The reviews continue to slowly trickle in from such periodicals as ForeWord, New York Journal of Books, Washington Independent Review of Books, JMWW, Midwest Review, and more are on their way.

Profiles, interviews, guest blog posts, essays, and features have been published in such places as the York Daily Record/Sunday News, Portsmouth Daily Times, Towson Times, Baltimore Sun’s Read Street, Three Guys One Book, Madam Mayo, Write Place Write Time, Baltimore Jewish Times, Lexington Herald-Leader, Talent in Motion Magazine, CBS, and more. Tracks even made the Maryland Life Magazine Summer Reading List.

I’ve been interviewed for radio and television about Tracks, and continue to read abridged stories from Tracks on the air.

The Tracks Book Tour schedule has been active with lots of events already completed, more scheduled, and additional events to come in 2012. So far there have been readings, signings, panel discussions, and Tracks events at Greetings and Readings, Lit & Art at the Watermark, The Ivy Bookshop, the AWP Conference, Last Sunday, Last Rites, Conversations & Connections Conference, CityLit Festival, Maryland Writers Association, Artscape, Poets in Preston, the Janice Holt-Giles House, the Baltimore Book Festival, City of York’s First Fridays, Catonsville Words & Wine & Cheese, Cyclops Books, the G & R Book Fest, the B & O Museum, with future events coming at Salamander Books, Ukazoo Books, The Red Canoe, and Hidden River Arts Gallery and Salon.

More events are being scheduled for 2012 in the region and in New York, Chicago, New England, California, New Mexico, and who knows where else. It’s a regular whistle-stop tour!

The train has picked up momentum, but the biggest part of the celebration (besides the release day) was Tracks @ Max’s: the official Tracks Release Party held at Max’s Taphouse on September 27. Another great event was the “Night of Train Stories and Songs” at Cyclops Books & Music.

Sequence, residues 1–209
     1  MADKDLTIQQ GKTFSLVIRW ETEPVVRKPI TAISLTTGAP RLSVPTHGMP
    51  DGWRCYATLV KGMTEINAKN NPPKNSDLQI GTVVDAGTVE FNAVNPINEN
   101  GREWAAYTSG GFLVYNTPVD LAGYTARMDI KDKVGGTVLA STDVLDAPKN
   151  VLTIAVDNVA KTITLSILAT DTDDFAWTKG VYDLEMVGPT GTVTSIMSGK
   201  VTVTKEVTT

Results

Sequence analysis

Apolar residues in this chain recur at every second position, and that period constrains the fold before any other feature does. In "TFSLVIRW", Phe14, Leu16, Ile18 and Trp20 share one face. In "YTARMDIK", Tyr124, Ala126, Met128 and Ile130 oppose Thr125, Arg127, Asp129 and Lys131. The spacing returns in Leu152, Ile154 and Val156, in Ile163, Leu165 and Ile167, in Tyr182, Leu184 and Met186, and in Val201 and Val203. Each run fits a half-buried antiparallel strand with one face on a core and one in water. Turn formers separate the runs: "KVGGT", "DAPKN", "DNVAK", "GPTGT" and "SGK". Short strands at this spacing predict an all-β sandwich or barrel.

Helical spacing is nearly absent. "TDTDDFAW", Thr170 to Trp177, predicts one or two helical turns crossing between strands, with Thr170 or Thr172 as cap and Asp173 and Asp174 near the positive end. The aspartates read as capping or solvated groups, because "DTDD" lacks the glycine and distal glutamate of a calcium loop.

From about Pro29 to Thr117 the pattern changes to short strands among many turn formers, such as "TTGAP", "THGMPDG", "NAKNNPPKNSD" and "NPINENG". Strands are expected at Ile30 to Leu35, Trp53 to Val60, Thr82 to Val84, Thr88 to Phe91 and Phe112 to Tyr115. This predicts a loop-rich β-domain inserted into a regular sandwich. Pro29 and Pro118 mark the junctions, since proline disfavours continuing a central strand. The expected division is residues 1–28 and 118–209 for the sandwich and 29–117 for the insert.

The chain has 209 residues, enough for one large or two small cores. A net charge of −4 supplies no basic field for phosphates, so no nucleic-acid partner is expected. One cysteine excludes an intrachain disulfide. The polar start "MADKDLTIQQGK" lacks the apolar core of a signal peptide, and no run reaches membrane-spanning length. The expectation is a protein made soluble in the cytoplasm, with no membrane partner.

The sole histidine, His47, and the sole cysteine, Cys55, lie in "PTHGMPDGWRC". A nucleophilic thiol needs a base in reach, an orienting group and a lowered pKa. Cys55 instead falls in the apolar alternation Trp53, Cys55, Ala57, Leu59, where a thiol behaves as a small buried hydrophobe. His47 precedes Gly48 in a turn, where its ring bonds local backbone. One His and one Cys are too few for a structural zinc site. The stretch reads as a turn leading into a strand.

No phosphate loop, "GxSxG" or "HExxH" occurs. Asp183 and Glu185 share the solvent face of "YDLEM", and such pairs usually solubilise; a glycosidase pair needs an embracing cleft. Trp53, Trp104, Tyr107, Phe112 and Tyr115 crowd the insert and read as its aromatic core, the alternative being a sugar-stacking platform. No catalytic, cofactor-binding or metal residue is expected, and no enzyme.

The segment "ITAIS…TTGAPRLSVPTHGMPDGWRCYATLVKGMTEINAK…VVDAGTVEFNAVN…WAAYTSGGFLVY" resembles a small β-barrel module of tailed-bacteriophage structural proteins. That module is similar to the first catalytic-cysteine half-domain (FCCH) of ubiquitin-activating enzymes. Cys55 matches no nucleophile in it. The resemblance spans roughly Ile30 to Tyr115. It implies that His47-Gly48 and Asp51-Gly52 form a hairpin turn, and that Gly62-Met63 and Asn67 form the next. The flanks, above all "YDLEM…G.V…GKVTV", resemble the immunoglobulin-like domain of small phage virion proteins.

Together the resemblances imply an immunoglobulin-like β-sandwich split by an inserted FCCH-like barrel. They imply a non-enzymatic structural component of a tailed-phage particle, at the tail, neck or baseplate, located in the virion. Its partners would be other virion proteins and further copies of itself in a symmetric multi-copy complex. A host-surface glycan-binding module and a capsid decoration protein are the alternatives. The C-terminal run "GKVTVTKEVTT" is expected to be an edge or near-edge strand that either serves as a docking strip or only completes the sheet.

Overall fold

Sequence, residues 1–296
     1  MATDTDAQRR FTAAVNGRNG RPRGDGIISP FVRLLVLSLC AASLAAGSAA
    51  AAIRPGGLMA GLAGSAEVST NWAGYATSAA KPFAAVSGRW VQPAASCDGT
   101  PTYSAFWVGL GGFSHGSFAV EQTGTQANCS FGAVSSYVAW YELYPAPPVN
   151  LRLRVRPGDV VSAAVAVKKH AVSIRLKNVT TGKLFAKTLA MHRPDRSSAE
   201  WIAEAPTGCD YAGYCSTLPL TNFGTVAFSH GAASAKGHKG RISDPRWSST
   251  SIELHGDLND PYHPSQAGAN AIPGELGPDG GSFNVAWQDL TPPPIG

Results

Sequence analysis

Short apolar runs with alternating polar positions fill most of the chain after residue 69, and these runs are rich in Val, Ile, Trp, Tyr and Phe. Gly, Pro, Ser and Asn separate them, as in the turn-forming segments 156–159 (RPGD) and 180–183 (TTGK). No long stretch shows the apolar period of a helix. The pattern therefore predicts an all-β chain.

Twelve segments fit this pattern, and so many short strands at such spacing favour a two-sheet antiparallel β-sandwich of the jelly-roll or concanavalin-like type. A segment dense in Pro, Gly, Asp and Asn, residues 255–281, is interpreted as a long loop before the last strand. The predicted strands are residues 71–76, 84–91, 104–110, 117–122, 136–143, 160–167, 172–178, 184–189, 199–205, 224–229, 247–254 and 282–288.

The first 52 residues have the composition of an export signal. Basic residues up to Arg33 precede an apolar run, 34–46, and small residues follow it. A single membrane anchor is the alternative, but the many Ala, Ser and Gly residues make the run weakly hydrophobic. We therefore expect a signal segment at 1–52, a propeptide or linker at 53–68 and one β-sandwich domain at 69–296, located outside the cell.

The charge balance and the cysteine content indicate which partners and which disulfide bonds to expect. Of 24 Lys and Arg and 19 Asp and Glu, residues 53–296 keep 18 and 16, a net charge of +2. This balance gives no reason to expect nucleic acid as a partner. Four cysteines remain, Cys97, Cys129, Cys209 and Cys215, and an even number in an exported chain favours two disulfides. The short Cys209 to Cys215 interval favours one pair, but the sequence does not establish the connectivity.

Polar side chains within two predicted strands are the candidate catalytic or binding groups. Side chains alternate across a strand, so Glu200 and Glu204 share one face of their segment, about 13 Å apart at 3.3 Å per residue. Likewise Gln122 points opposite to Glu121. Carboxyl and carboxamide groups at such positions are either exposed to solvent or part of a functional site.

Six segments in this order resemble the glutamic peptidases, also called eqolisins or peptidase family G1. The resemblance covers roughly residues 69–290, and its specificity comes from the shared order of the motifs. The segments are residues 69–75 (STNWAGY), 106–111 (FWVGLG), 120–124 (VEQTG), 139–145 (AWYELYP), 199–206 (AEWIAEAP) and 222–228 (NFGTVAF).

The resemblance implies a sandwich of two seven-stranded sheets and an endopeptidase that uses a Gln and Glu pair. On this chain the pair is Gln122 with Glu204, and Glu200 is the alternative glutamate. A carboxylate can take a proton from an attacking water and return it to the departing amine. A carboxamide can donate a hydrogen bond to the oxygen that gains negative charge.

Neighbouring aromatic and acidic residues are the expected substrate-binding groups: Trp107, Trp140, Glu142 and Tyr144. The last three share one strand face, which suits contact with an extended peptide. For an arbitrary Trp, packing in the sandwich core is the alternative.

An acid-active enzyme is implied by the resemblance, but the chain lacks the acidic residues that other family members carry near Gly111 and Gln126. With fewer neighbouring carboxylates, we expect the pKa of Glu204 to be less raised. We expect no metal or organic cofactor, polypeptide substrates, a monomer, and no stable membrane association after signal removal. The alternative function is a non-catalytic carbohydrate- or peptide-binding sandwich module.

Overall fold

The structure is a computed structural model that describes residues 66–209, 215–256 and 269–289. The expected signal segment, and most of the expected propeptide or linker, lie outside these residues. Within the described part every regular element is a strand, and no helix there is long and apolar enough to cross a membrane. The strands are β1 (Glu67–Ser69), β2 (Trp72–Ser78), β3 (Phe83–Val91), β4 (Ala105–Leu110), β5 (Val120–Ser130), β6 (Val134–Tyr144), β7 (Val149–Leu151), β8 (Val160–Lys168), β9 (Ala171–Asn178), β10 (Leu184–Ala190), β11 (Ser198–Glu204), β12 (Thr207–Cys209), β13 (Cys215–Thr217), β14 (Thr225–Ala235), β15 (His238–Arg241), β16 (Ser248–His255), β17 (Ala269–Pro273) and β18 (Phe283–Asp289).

Thankfully, Atticus Books has a publicity staff. I’m almost as exhausted as I am excited about my first novel.

My second novel, Womb, is now with my agent and I’m confident it has a good chance of being published in another year or two. But I suspect when that time comes, the publicity train for Tracks will still be moving at a somewhat slower but still steady pace.

I expected to devote a lot of time to readings, events, and marketing. I think what I learned from the activity is how important it is to the success of your novel. If you want readers to come aboard, you have to blow the whistle. If you have a book coming out soon, you may want to get some practice.

Eric D. Goodman regularly reads his fiction on Baltimore’s NPR station, WYPR, and at book festivals and literary events. His work has appeared in a number of publications, including The Baltimore Review, The Pedestal Magazine, Writers Weekly, The Potomac, Grub Street, Scribble Magazine, The Arabesques Review, and New Lines from the Old Line State: An Anthology of Maryland Writers. In addition to Tracks, Eric is the author of Flightless Goose, a storybook for children ( Learn more about Eric and his writing at